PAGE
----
Tuesday, May 27, 2014

Catholicism: It's About Jesus, not Architecture.

I went to daily Mass yesterday at the tiny Polish parish, which is my geographical parish even though I know exactly three words of Polish.

One of the other parishioners had brought a non-Catholic friend to Mass. She happily introduced me to her guest. We went into the church together, and sat in the same pew. Because there is Eucharistic Adoration just before daily Mass at this parish, the parishioner pointed to the monstrance and whispered simply and confidently to her friend, "That's Jesus...."

I thought about the newcomer all throughout the Mass; I saw everything through her eyes. And I had so many questions. Why are there pictures of popes everywhere? Why are you praying for Mary's help in front of that "Jesus"? What is that forboding-looking picture (the Black Madonna), and why is it in the middle of the wall instead of "Jesus"? Why are some of these women wearing veils? Are all these candles really necessary?

If I'd been to my first Mass in a less old-fashioned parish (like the one where I grew up), I would have had a different set of questions. Why are these statues so ugly? Do all your churches look like warehouses? If that's the 'presence' of Jesus, why does everyone chat in here? And are all these candles really necessary?

But regardless of the parish, the biggest challenge would come as the faithful knelt and bowed low at the consecration. I imagined a visitor saying to me, "You are an intelligent person in a first-world country. You are going to be a physician, and you are bowing in front of a piece of bread. This is backwards. It's indecent."

I wish I could have had a word with the visitor before she left, but they left right after Mass and I was going to stay for Evening Prayer and meditation. I would have said to her, "don't be distracted by all the candles and statues and pictures."

In all my moves, and even the single diocese where I live now, I've seen parishes all over the spectrum between Spartan and Baroque. Some Catholics (like my Cistercian spiritual director) love rough-hewn blocks of stone, representative or primitive statuary, and unfinished wood. Others (like my mother) love filigreed altar rails, marble altars, and stained glass.

But those are all accidents, and the only purpose of all that stuff is to help our stubborn hearts bow to that impossible shock of the Eucharist. "Focus on that little Host," I wanted to tell that visitor, "Everything else in here is for our sake. You could go to another parish if you their architecture or their community helps you more. Or you could just be detached about it. But all this stuff is just to help you fall in love with God. And that," I'd say, pointing to the Host, "is God."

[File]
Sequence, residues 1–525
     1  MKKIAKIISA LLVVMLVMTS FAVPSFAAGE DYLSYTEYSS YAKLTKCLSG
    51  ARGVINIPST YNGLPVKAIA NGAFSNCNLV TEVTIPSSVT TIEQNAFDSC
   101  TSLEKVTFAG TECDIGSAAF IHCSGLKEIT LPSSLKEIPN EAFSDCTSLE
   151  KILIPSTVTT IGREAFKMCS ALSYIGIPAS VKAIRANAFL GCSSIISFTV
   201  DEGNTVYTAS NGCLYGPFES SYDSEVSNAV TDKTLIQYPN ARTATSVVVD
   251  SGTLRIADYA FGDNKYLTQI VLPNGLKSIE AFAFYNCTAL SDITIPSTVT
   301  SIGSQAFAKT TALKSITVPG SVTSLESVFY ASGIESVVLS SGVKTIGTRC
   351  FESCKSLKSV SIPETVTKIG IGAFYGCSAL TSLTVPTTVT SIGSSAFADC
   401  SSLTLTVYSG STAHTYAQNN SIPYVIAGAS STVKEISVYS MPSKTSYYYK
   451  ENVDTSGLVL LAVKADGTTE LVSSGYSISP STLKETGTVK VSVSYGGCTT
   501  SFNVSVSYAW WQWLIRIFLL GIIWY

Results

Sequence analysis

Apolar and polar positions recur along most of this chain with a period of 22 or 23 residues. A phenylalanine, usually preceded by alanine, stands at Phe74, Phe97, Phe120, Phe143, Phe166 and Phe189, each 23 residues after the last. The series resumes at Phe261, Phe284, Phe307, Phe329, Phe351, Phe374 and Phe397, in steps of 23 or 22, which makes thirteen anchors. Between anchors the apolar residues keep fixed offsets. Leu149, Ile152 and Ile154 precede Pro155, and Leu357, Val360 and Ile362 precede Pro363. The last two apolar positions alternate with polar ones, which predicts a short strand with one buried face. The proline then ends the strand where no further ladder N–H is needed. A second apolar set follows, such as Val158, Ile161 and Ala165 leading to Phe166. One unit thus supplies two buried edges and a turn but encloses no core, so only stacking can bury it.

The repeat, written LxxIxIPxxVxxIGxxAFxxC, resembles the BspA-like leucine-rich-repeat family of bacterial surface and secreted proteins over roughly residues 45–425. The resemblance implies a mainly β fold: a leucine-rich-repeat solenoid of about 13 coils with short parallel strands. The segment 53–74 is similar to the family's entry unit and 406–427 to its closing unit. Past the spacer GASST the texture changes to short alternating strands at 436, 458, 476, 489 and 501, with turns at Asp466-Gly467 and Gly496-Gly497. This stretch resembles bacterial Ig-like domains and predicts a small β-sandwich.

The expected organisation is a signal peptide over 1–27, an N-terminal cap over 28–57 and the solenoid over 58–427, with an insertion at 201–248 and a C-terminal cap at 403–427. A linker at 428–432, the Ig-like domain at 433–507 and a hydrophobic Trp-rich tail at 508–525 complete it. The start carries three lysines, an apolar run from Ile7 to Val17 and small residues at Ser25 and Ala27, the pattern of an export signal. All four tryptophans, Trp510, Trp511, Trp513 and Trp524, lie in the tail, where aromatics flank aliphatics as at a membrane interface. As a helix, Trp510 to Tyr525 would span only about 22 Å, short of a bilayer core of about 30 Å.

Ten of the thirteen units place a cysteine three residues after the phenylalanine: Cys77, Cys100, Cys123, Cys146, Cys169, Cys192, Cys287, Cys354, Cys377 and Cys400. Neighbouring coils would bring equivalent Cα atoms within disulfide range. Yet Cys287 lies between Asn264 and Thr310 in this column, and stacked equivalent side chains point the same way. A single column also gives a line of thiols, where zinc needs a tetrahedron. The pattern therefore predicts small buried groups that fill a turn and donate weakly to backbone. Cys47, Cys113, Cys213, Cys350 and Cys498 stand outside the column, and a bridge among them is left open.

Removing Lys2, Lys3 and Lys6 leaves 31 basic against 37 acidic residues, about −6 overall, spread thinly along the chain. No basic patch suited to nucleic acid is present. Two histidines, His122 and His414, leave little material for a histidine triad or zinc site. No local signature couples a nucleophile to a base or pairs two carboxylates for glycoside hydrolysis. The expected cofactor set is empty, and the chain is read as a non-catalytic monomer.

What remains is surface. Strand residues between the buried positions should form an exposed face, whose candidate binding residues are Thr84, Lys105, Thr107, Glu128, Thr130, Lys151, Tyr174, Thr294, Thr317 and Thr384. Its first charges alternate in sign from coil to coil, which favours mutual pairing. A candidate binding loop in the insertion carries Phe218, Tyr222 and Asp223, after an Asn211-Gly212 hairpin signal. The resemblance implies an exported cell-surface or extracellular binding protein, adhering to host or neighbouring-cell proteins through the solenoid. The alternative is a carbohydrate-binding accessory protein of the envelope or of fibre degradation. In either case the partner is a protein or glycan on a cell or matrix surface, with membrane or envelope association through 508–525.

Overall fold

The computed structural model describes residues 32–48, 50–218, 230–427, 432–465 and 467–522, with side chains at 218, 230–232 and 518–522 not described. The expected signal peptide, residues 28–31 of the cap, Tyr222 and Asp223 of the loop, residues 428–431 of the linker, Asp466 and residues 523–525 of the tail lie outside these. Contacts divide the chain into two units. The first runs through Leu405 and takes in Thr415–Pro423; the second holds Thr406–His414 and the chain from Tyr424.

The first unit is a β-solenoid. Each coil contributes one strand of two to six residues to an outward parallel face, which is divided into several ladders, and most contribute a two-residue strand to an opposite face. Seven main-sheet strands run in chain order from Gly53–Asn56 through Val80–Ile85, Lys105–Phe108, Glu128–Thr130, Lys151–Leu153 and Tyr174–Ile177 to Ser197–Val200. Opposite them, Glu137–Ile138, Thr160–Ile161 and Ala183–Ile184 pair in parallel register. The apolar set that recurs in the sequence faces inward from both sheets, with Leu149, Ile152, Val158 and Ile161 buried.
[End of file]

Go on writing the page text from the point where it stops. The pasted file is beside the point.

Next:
Source: www.lifeisaprayer.com
This post is titled with the highest respect to Catholic architects, especially Duncan G. Stroik, who are eloquently, quietly teaching the truth though beauty.

Friday, May 23, 2014

Abortion Hurts Women: I've seen It.

This post conforms to the blog rules.
I witnessed emergency surgery on a woman with complications after abortion. Someone had perforated her uterus, and she was rushed to our hospital.

I only heard about the case incidentally. I was on a different service (not the gynecology service, and not even on my OB/GYN rotation). I happened to be down in the main OR, and I was just leaving when I saw one of the OB/GYN chief residents I knew. I’d been trying to arrange a meeting with him about residency program selection. I was eager to hear what he had to say, because I happened to know that this chief had interviewed specifically to avoid performing abortions, or “terminations” as OB/GYNs often say. We’d never gotten to talk because he was out of town for vacation, I was out of town for the cardiothoracic surgery rotation, etc. When he saw me, he seized the moment to sit down in the physicians’ lounge and give me a list of programs he liked and a list of programs he didn’t like.

As we were talking, I noticed that not only was he there, but so was the third-year GYN resident, their attending, and the medical student on gynecology. This meant they had a pretty intense case. (The rarer the case, the more likely the upper-levels are involved. And to have two residents in on a case is rare indeed.)

The third year resident (R3) noticed that I was counting and surmising. “Something's coming up from the ER,” the third-year said, to explain why they were all there.

“A perf’d uterus from an abortion,” the chief said. The attending sat wordlessly by, watching the television.

“Your dream case, right?” the R3 said to the chief, smiling. From his comment and tone, I surmised that the R3 was probably pro-choice, and was joking with the chief, who had never done an abortion but who (I guess?) needed to log one. “Are you going to count this as an abortion?” the R3 joked.

The chief smiled back good-naturedly. “Yeah,” he said quietly, “ ‘open abortion,’ ” he said, referring to how he would make his incision. What must it be like to be pro-life among pro-choice colleagues for four years of training?

I asked to observe the case, even though I knew I couldn't scrub in (because there was already a med student and two residents, and because I wasn't even on the gynecology service). The attending gave her permission, and I went to see the patient in preop. She lay there on the ER cot she'd come in on; next to her was her significant other. She looked like a woman in pain—physically and emotionally. The other medical student (the one actually on the gynecology service) was scrubbing, so I took my place at the foot of the table, behind a machine and next to the kick bucket (where the used/bloody sponges are tossed).